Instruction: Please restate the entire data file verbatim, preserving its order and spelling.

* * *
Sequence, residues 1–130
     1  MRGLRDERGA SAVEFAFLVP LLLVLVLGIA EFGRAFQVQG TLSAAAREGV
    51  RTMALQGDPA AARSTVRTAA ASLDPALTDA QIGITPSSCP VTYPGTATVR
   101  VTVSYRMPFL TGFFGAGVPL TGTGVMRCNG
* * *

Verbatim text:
Sequence, residues 1–130
     1  MRGLRDERGA SAVEFAFLVP LLLVLVLGIA EFGRAFQVQG TLSAAAREGV
    51  RTMALQGDPA AARSTVRTAA ASLDPALTDA QIGITPSSCP VTYPGTATVR
   101  VTVSYRMPFL TGFFGAGVPL TGTGVMRCNG